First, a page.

Our last post on Dutch Henry Winery drew a comment from Dutch Henry owner and winemaker Scott Chafen. We mentioned in the post that we thought the Dutch Henry wines were priced on the high side. Scott responded by saying, “organically farmed, hand picked, barrel aged, and hillside grown all has its price.”
This leads to the subject of wine pricing in the Napa Valley or in any wine country. How is the price of wine set by a winery? Is there a set formula that takes into account the cost of wine production, how much profit to make, and other factors? Or, is the process totally subjective?
We occasionally ask a vintner, when the opportunity is right, how he or she figures out how much to charge for a bottle of wine. The only really straight answer we have ever received in our small sampling came from George Hendry of Hendry Wines. George simply stated, “Whatever the market will bear.” Maybe Joe Heitz started this idea back in the early days of the Napa Valley. James Conaway in his book, Napa, The Story of an American Eden, tells of the time Joe Heitz impulsively opened a bottle of his $12 Cabernet, “drinking Cabernet off the hood of a local’s pickup, laughing and laughing at the absurdly high price.” The absurdly high price didn’t stop people from buying his Cabernet. And even today, there are several “cult” wines going for an absurdly high price of $200 and higher.
We wonder how many Napa Valley vintners have adopted this price point strategy. The price of Napa wines just seems to be shooting up despite the economy. Apparently, there are enough folks out there with plenty of money who are not affected by gasoline prices or the high cost of groceries, who want to buy wine regardless of the price. Napa’s big advantage is its reputation; wineries there can charge more for their wine simply because the wine came from the Napa Valley. It is true that it costs more to set up shop in the Napa Valley vs. Paso Robles or the Sierra Foothills. But some wineries in the Napa Valley have been there for ages, since the time when land was inexpensive. Do those wineries charge less because their overhead is lower?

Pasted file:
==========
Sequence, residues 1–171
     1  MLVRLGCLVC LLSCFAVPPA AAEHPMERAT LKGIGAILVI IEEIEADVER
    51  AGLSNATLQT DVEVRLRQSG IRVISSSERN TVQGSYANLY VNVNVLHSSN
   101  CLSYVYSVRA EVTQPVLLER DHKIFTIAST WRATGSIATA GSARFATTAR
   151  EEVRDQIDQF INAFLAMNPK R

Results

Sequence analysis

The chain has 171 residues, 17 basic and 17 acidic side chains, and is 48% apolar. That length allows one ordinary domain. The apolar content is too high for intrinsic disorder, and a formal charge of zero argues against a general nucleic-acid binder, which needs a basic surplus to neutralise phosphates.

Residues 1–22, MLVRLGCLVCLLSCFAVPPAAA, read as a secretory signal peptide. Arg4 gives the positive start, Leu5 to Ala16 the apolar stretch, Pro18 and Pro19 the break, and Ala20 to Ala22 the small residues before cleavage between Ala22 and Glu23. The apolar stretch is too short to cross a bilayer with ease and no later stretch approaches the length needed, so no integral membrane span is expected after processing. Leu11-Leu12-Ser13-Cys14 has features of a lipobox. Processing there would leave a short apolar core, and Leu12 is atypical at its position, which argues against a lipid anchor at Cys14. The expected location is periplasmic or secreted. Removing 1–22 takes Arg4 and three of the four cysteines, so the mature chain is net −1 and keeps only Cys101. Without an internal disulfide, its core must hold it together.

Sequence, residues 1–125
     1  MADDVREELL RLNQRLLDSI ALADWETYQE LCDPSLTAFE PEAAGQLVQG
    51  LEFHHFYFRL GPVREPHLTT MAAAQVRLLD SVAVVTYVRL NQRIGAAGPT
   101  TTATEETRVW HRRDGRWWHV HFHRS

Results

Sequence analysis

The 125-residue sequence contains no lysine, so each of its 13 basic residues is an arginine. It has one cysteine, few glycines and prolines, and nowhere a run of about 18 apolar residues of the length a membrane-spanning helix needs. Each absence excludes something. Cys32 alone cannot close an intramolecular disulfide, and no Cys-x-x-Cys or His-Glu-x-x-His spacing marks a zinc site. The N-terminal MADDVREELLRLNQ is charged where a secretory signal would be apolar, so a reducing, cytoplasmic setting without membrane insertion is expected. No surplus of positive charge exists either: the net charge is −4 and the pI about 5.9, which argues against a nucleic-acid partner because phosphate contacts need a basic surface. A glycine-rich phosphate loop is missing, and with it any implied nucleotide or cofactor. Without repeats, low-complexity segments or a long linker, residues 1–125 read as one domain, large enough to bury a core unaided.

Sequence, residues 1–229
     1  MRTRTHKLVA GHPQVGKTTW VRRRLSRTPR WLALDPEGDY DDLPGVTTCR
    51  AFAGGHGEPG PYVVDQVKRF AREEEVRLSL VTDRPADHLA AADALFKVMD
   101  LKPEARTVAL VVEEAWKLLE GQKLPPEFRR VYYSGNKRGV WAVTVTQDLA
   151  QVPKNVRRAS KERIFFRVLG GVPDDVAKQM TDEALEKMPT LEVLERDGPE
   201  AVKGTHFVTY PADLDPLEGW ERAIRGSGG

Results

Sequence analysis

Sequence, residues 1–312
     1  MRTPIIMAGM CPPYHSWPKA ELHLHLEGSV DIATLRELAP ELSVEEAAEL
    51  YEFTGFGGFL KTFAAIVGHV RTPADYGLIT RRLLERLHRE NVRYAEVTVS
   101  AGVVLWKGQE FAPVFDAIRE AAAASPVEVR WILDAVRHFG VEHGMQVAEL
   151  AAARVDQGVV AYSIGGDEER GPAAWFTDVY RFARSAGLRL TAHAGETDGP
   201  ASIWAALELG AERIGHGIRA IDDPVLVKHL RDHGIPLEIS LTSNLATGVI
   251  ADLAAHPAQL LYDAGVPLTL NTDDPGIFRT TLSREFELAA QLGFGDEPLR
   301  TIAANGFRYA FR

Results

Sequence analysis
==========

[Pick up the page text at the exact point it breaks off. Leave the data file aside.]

For us, we travel often to the Napa Valley. We love the beauty, the food, and the whole experience of being in one of the world’s most famous wine regions. We are always searching for value wines in the Napa Valley and elsewhere. We love it when we find a good red for less than $20, a good white for less than $15. But this is so much easier to accomplish in the wine regions of the Russian River of Sonoma County, Mendocino, the Sierra Foothills, and Paso Robles.
I work for a family-owned winery called Levendi. While we fight tooth and nail to not raise our prices, everything has gone up on us, from the cost of glass, to bottles, and more.
We are lucky in that we have an extremely talented winemaker to support our prices, but don’t discount a $40+ bottle of Cabernet as “overpriced” just yet. There are some of us still working hard to put out a quality product at a price that keeps us employed!
“Organically farmed, hand picked, barrel aged, and hillside grown all has its price.”
Napa Valley or not, that statement means nothing if the quality of the wine does not support its price. I agree with you, Joe – I’ve learned that I won’t pay the price of a Dutch Henry wine.